Music supported therapy promotes motor plasticity in individuals with chronic stroke

P. Ripollés, N. Rojo, J. Grau-Sánchez, J. L. Amengual, E. Càmara, J. Marco-Pallarés, M. Juncadella, L. Vaquero, F. Rubio, E. Duarte, C. Garrido, E. Altenmüller, T. F. Münte, A. Rodríguez-Fornells

Research output: Contribution to journalArticlepeer-review

Abstract

Novel rehabilitation interventions have improved motor recovery by induction of neural plasticity in individuals with stroke. Of these, Music-supported therapy (MST) is based on music training designed to restore motor deficits. Music training requires multimodal processing, involving the integration and co-operation of visual, motor, auditory, affective and cognitive systems. The main objective of this study was to assess, in a group of 20 individuals suffering from chronic stroke, the motor, cognitive, emotional and neuroplastic effects of MST. Using functional magnetic resonance imaging (fMRI) we observed a clear restitution of both activity and connectivity among auditory-motor regions of the affected hemisphere. Importantly, no differences were observed in this functional network in a healthy control group, ruling out possible confounds such as repeated imaging testing. Moreover, this increase in activity and connectivity between auditory and motor regions was accompanied by a functional improvement of the paretic hand. The present results confirm MST as a viable intervention to improve motor function in chronic stroke individuals.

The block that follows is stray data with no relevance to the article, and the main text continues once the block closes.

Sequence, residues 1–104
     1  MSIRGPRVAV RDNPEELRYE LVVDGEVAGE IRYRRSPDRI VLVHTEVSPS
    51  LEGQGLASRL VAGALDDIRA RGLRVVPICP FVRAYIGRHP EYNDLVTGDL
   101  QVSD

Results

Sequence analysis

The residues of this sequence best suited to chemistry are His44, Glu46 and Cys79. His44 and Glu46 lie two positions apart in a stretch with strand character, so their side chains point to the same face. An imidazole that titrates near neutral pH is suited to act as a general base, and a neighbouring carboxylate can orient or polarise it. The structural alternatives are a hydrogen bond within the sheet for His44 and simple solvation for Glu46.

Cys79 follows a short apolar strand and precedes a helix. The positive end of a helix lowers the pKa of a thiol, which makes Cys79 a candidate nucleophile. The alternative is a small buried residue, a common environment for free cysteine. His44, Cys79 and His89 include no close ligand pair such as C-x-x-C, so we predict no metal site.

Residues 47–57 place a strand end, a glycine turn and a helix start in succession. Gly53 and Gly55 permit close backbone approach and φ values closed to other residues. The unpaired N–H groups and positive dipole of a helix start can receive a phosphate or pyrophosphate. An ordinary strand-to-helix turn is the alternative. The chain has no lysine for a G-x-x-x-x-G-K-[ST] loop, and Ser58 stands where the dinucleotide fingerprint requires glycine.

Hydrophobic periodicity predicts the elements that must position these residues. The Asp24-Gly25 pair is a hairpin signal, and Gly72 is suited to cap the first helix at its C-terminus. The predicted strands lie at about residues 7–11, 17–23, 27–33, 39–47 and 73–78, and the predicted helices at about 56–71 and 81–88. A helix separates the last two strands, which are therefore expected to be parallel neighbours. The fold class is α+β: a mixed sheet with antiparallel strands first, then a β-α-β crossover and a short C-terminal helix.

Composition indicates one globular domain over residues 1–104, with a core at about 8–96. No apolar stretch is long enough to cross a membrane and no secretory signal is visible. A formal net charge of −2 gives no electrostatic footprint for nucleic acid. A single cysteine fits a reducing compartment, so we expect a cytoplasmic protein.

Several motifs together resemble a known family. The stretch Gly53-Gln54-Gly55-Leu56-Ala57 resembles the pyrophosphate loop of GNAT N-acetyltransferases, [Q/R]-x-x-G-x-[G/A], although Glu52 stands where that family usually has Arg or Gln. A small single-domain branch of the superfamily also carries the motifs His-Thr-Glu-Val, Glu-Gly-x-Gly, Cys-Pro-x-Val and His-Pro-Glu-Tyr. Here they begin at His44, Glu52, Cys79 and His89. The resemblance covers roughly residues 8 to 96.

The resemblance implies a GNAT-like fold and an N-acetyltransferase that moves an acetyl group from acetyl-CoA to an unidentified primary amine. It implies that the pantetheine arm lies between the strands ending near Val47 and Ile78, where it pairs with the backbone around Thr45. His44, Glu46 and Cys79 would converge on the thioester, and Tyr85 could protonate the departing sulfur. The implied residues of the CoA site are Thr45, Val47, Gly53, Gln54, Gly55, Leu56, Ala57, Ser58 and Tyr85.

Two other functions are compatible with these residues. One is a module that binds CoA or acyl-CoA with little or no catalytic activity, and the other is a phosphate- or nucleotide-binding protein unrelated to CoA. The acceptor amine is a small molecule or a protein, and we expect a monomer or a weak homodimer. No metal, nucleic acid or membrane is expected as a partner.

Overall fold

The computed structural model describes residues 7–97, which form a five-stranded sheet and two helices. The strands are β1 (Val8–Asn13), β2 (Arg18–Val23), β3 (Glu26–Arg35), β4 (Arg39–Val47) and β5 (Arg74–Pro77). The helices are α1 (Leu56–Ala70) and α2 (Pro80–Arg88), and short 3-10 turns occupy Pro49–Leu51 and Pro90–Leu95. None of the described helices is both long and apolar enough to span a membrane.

Original languageEnglish (US)
Pages (from-to)1289-1307
Number of pages19
JournalBrain Imaging and Behavior
Volume10
Issue number4
DOIs
StatePublished - Dec 1 2016

Keywords

  • Chronic stroke
  • Functional connectivity
  • Music-supported therapy
  • Plasticity
  • fMRI

ASJC Scopus subject areas

  • Radiology Nuclear Medicine and imaging
  • Neurology
  • Cognitive Neuroscience
  • Clinical Neurology
  • Cellular and Molecular Neuroscience
  • Psychiatry and Mental health
  • Behavioral Neuroscience

Fingerprint Dive into the research topics of 'Music supported therapy promotes motor plasticity in individuals with chronic stroke'. Together they form a unique fingerprint.

Cite this